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A look at the ASP.NET Core Dockerfile

I wrote a previous article that explains how to Add Docker Support to your ASP.NET service. This article is a continuation, to look at what happened when we enabled Docker support. We will take a look at how the Dockerfile is configured by Visual Studio.


The DockerFile contains instructions for assembling an image. The file is generated automatically when we add Docker support, but can instead be prepared and modified by hand. The Dockerfile extends two image variants, runtime and sdk, which are hosted by Microsoft under microsoft/dotnet.

    FROM microsoft/dotnet:2.1-aspnetcore-runtime-nanoserver-1803 AS base
    FROM microsoft/dotnet:2.1-sdk-nanoserver-1803 AS build

The runtime image is slim, containing the .NET Core runtime and libraries. It is optimized to run well in production environments.

The sdk image contains the .NET Core sdk and can be used for development, unit tests, and debugging. It’s more extensive than the runtime image, and is best for development environments.

Docker Build (Development)

In my current version, when running the Application through Visual Studio with Docker as the target, MSBuild executes the following command for an ASP.NET Core application named WebApplication1 located in C:\repos.

docker build -f "C:\repos\WebApplication1\WebApplication1\Dockerfile" -t webapplication1:dev --target base  --label "" "C:\repos\WebApplication1"

As an aside, clear documentation is missing, but this MSBuild command can be controlled by adding DockerfileBuildArguments and DockerfileRunArguments, like the following. From this Github discussion.

<Project Sdk="Microsoft.NET.Sdk.Web">
        <DockerfileRunArguments>-v "C:\HostFolder:/ContainerFolder:ro"</DockerfileRunArguments>

Breaking down the original command (through the Docker docs or reading through man files docker build --help), we can understand the following:

  • docker build [OPTIONS] C:\repos\WebApplication1 - Build an image from a dockerfile
  • -f c:\...\Dockerfile - Name of the dockerfile
  • -t webapplication1:dev - Name and tag in the ‘name:tag’ format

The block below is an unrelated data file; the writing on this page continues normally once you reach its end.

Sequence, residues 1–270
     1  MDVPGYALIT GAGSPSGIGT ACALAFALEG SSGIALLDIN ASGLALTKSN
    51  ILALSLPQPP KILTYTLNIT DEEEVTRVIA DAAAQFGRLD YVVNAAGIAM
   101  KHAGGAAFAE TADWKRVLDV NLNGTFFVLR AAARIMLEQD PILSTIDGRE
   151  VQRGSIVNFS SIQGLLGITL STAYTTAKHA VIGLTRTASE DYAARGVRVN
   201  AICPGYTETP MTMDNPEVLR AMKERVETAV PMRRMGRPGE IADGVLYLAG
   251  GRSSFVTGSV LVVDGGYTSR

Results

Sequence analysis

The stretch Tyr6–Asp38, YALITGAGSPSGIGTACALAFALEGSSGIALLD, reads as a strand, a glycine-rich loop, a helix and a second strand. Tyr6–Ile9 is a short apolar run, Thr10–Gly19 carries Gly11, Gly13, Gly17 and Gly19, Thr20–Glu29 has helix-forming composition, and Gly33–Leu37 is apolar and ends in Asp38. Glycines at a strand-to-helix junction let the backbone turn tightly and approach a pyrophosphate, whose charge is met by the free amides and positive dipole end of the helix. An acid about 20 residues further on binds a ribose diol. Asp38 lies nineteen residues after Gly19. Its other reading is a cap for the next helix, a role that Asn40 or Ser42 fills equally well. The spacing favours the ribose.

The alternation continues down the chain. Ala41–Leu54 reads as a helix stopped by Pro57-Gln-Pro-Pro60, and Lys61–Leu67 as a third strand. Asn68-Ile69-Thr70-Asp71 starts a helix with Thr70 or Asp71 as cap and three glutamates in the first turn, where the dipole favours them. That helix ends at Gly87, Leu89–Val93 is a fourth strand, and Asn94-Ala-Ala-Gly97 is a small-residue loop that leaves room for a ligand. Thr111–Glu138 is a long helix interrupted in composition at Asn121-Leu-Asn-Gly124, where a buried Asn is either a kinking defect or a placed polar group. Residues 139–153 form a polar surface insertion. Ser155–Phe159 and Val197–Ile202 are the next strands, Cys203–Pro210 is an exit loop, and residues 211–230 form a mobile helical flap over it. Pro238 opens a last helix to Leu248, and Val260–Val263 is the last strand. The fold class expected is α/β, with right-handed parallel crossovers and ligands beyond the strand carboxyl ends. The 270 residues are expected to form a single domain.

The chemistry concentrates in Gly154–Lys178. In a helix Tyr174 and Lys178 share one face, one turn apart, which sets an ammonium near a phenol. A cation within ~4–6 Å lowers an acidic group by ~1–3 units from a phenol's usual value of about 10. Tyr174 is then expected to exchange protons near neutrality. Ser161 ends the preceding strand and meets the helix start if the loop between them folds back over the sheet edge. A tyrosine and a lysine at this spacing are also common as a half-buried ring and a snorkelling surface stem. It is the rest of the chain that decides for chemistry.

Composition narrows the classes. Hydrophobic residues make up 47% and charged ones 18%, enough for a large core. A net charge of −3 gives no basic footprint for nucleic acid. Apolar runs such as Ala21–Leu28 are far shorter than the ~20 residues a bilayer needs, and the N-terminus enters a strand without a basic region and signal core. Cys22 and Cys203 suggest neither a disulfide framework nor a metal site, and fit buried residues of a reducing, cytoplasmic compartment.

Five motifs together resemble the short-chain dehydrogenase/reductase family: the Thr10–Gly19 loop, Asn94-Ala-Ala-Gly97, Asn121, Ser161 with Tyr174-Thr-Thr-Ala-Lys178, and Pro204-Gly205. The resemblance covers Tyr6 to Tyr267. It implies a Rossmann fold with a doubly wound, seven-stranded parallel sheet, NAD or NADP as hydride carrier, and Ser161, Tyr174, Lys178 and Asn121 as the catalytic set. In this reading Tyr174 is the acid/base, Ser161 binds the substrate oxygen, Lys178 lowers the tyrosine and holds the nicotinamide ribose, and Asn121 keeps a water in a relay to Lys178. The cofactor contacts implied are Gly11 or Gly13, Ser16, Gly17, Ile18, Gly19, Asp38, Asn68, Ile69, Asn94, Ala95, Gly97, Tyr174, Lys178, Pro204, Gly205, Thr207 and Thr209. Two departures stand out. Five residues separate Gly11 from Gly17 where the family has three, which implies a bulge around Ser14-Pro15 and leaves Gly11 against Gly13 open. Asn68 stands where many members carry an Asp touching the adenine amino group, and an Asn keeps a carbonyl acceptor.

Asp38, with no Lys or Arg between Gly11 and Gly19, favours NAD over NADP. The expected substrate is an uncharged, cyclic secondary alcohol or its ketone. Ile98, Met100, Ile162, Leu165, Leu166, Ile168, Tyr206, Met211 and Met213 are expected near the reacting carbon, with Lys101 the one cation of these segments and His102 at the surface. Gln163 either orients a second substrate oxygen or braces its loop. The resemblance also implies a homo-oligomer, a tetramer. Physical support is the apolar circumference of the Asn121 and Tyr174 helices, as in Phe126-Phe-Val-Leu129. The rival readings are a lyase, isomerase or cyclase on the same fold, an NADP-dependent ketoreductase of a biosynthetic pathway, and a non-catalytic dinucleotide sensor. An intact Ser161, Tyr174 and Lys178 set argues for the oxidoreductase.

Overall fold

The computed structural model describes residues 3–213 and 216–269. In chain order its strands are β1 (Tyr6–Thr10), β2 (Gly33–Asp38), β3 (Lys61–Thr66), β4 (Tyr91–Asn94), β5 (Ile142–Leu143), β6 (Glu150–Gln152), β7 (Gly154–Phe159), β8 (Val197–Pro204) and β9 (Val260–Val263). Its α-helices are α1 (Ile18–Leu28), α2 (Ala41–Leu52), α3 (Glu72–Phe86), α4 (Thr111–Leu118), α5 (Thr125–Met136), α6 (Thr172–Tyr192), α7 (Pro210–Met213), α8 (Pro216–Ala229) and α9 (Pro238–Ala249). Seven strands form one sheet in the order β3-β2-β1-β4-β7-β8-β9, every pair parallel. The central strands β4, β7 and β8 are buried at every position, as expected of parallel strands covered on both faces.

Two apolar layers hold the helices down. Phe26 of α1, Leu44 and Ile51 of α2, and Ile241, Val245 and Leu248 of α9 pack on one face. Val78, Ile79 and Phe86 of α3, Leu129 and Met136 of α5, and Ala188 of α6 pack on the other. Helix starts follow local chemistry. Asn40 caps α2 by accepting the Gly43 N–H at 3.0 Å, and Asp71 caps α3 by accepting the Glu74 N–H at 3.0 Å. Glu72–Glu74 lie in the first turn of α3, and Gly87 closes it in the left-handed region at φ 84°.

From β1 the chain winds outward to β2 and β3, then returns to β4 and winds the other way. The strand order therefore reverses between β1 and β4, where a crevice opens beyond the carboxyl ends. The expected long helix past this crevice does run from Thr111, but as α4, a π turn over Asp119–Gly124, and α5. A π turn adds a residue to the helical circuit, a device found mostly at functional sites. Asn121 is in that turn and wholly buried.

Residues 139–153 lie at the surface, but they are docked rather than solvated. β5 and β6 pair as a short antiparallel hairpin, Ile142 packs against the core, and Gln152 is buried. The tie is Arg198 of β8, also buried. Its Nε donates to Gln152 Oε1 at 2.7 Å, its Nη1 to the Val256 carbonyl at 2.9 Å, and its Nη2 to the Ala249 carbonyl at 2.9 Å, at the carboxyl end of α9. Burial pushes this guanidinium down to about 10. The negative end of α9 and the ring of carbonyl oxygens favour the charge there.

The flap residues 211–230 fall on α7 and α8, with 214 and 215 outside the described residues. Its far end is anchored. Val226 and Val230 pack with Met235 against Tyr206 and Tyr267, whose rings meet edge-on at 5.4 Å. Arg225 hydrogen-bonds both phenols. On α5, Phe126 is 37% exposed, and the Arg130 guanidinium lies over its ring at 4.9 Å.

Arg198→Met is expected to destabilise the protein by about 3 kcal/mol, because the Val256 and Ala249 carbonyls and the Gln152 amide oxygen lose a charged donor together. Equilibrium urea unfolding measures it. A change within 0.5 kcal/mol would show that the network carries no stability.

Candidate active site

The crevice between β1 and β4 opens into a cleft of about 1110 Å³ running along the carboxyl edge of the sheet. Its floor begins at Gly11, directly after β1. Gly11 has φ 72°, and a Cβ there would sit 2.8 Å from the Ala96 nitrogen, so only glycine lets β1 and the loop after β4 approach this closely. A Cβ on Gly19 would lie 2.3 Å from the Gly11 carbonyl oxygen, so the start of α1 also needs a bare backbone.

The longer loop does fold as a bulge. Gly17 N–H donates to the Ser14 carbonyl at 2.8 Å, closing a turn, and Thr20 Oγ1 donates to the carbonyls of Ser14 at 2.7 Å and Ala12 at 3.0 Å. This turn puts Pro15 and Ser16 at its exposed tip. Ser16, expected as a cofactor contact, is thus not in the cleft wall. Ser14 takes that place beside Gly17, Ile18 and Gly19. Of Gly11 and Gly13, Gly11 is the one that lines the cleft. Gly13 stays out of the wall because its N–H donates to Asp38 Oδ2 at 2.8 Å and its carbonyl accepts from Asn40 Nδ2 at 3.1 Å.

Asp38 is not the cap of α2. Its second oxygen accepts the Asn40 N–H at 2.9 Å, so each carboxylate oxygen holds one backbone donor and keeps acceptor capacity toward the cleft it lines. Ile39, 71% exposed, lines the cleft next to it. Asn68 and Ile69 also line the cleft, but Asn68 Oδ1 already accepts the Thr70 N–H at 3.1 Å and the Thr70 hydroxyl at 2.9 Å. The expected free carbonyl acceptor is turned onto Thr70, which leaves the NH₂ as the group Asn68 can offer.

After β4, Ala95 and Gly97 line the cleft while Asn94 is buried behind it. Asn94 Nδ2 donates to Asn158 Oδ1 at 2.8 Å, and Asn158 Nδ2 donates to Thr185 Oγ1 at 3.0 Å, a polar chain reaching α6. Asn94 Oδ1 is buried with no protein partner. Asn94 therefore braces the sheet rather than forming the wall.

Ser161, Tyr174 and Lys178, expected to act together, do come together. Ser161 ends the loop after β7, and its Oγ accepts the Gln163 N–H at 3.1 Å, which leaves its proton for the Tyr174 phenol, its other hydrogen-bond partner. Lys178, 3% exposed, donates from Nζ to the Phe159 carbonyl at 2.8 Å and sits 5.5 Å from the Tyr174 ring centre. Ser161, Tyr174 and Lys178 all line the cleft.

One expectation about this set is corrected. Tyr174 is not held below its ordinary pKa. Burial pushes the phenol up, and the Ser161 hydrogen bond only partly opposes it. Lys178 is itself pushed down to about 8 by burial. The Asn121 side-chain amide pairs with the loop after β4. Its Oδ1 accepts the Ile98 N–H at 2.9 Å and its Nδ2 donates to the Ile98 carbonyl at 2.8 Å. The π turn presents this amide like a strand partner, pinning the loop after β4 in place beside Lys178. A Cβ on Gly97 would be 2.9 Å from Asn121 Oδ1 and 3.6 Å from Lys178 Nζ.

• --target base - Set the target build stage to end at, in this case ‘base’
  • --label - Set metadata for the image

We can then expect the MSBuild command to find the generated Dockerfile, to run through the base target, and setup the tags as described. The base target is as follows:

    FROM microsoft/dotnet:2.1-aspnetcore-runtime-nanoserver-1803 AS base
    WORKDIR /app
    EXPOSE 80
    EXPOSE 443

Building and checking the output build logs show what we expect, where it runs through the base commands and sets the label for the image.

Step 1/5 : FROM microsoft/dotnet:2.1-aspnetcore-runtime-nanoserver-1803 AS base
1>Step 2/5 : WORKDIR /app
1>Step 3/5 : EXPOSE 80
1>Step 4/5 : EXPOSE 443
1>Step 5/5 : LABEL
1>Successfully built 9fa997ad10b1
1>Successfully tagged webapplication1:dev

In powershell, we can docker images ls to list the newly created image.

    C:\repos> docker container ls
    CONTAINER ID        IMAGE                 COMMAND                    CREATED             STATUS              PORTS                                           NAMES
    c73c6fff7636        webapplication1:dev   "C:\\remote_debugger\\…"   30 minutes ago      Up 30 minutes>80/tcp,>443/tcp   affectionate_gates

Docker Build (Production)

Publishing an image to a registry, like Dockerhub, can also be performed through Visual Studio. The MSBuild command executes

docker build -t "webapplication1" -f "Dockerfile" --label "" ".."

The options used are similar to the developer build, but does not include the --target option. This flag specifies the target build stage, where any commands after the given target are skipped. Without it, the build command will walk through the entire Dockerfile to generate the image. Looking at the output window, it walks through all stages as we would expect.

    Step 1/18 : FROM microsoft/dotnet:2.1-aspnetcore-runtime-nanoserver-1803 AS base
    Step 2/18 : WORKDIR /app
    Step 3/18 : EXPOSE 80
    Step 4/18 : EXPOSE 443
    Step 5/18 : FROM microsoft/dotnet:2.1-sdk-nanoserver-1803 AS build
    Step 6/18 : WORKDIR /src